Detective Martin Jones, who leads a double life as a killer for hire in Los Angeles' deadly underground, suffers an existential crisis which leads him deeper into a blood splattered world of... Read allDetective Martin Jones, who leads a double life as a killer for hire in Los Angeles' deadly underground, suffers an existential crisis which leads him deeper into a blood splattered world of violence.Detective Martin Jones, who leads a double life as a killer for hire in Los Angeles' deadly underground, suffers an existential crisis which leads him deeper into a blood splattered world of violence.
And indeed, Refn created something special out of his '80s nostalgia when he directed Drive in 2011. However, with works like Only God Forgives and The Neon Demon, there were problems. Only God Forgives appeared to have less of a point beneath the surface of its languid sadness, and The Neon Demon was also a bit unengaging, which came with the side-effect of making Refn's influences (Lynch, Argento, et al) a little too blatant.
Too Old to Die Young, his contribution to Amazon Prime's library, does have pointlessly, agonizingly slow episodes, though it may be the most aesthetically well-realized Refn project yet, and he does create a mood unique from the works that have visibly inspired him (something that another fan of classic cinema, Panos Cosmatos, succeeded with when making Beyond the Black Rainbow, more so than The Neon Demon, Refn's colorful horror homage). Furthermore, lead actor Miles Teller successfully gives the impression that a complex and damaged human being lies beneath the stoic demeanor.
The biggest problem is that the first three "volumes" are wholly inessential viewing, not only due to the possibly boring pacing (for some, these episodes will still work in terms of mood and visual beauty). Instead, the main issue is that they intentionally function as backstory to the main plot, which arguably doesn't get going until the fourth volume, where Officer Martin Jones (Teller) has joined forces with vigilante Viggo Larsen (John Hawkes) to terminate pedophiles and other decadents around LA.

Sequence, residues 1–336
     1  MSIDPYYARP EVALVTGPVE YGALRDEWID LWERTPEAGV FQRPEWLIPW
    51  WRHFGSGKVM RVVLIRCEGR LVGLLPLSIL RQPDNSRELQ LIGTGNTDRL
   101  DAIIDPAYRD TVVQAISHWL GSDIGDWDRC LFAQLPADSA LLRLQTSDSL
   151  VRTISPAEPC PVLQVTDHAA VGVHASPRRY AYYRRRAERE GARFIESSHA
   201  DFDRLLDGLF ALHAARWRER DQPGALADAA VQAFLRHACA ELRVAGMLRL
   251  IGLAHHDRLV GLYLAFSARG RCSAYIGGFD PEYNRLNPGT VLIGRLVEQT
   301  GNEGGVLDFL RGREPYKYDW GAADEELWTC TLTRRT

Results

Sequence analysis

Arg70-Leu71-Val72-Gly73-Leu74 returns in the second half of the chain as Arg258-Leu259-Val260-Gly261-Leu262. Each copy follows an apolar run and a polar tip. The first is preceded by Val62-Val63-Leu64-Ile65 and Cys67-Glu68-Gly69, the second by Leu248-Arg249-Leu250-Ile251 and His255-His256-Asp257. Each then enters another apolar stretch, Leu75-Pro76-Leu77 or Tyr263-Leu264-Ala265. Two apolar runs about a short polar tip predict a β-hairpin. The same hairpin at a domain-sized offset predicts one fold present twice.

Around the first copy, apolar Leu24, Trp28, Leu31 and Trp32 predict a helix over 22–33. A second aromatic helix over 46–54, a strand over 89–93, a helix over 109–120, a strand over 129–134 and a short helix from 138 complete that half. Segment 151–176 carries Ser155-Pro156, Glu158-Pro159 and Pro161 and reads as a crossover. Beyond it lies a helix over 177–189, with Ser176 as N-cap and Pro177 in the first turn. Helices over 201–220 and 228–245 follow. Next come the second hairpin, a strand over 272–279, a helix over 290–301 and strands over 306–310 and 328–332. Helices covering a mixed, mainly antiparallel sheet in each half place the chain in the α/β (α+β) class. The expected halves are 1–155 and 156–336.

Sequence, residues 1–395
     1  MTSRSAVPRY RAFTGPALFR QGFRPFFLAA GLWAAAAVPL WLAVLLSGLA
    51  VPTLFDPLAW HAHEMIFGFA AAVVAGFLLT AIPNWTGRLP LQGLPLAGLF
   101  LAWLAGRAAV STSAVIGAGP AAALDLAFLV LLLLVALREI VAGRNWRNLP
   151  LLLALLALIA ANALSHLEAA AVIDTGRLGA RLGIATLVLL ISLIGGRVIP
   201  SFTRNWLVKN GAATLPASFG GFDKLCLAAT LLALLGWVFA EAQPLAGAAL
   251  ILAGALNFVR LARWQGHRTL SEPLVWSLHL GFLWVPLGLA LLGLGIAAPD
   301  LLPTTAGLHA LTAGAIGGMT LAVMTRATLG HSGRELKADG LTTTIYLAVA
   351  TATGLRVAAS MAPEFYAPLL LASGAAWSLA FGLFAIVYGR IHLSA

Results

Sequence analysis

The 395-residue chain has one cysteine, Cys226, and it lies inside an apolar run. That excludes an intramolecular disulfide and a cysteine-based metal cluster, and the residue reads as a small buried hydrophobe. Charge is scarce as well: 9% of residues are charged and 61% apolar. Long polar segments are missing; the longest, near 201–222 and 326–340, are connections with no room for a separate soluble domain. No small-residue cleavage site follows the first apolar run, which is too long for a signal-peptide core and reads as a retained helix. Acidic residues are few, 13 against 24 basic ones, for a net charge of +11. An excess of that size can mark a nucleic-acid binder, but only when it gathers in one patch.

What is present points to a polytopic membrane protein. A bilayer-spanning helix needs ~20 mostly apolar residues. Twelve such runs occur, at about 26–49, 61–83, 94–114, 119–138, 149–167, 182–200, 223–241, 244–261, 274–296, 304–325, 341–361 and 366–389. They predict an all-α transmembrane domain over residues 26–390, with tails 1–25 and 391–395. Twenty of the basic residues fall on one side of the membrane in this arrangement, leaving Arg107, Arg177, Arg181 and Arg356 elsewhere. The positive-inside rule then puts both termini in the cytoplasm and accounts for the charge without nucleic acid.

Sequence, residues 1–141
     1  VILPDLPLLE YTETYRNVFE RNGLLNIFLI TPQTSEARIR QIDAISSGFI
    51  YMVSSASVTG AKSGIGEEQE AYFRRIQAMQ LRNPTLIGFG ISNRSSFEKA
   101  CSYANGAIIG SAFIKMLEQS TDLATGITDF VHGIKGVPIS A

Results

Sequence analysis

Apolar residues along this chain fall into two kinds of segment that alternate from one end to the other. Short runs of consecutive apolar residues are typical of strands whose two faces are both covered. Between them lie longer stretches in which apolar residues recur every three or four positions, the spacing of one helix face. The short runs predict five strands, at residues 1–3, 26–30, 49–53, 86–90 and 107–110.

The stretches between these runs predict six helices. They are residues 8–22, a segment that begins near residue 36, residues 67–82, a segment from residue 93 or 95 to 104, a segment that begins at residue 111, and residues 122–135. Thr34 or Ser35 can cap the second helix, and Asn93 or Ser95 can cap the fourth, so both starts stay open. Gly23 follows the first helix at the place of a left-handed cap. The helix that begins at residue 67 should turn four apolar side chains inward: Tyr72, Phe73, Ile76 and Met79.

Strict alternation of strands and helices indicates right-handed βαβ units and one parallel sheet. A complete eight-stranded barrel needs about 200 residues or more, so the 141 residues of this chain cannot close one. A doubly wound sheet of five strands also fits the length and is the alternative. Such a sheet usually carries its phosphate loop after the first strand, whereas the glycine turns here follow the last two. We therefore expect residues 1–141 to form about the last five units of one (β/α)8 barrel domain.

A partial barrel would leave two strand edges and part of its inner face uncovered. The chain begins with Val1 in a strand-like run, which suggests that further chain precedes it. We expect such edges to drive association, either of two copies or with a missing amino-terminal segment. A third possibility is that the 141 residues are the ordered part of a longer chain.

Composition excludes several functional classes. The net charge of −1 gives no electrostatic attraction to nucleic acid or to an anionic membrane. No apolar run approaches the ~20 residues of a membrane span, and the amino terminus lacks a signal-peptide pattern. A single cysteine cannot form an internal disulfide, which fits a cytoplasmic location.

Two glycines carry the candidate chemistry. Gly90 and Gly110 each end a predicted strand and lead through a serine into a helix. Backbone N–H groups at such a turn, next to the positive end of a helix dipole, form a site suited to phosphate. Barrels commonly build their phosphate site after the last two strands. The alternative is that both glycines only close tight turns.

Jones had already been running such errands for local gang leader Damian (Babs Olusanmokun), in exchange for not revealing Jones' involvement in killing the mother of Mexican cartel member Jesus Rojas (Augusto Aguilera), and Larson was already doing hits for the mysterious and possibly extranormal Diana DeYoung (a gorgeous Jena Malone, looking more like Naomi Watts with age). We also learn that Jesus has climbed the ranks within the cartel following the death of its Don, but this can also be surmised without seeing episodes 1-3.
Again, this is actually "intentional". Refn willfully made the first three episodes of the series into prequel material, with the apparent motivation of fixing a problem far more relevant to TV than streaming - he wanted to make a show where it doesn't matter if you "miss" the first episodes; a show you can just jump into without needing to catch up. First of all, it's pretty hard to "miss" episodes of something in the age of home streaming and binge-watching. Second, if a show is truly great, who cares if there is a lot to catch before you're up to speed?
Nonsense like this will make Too Old to Die Young hard to swallow. But it eventually becomes an intriguing deep-dive into the neon-bathed underworld, with characters whose Old Testament-approach to punishment has made them no better than the monsters they hunt. Some levity is also provided when the show introduces Jones' new homicide division colleagues, who put on pro-fascist theater and pull pranks on one other far more than they do police work, and William Baldwin as the creepy father of Jones' suspiciously young fiancee (Nell Tiger Free).
And nonetheless, the show remains visually splendid throughout. You can tell Refn doesn't just point and shoot, or light the scenes based solely on how well we can see everything. It is obvious that he's thought about what shade of purple will be reflected on which prop within the frame (while the rest of the image may be completely red), how the outdoor shots will be given a certain feel by traffic lights and police sirens, and even how almost-empty wine glasses are to be arranged on the dinner table in one scene. Even the scenery complies with Refn's use of colors.
The possibly most gorgeous scene involves the enigmatic Yaritza (Christina Rodlo), bathed in the red-and-purple flashes from outdoor party lights in shots that recall Suspiria. Finally Refn pays homage to that film in a way that works.
- Feb 18, 2020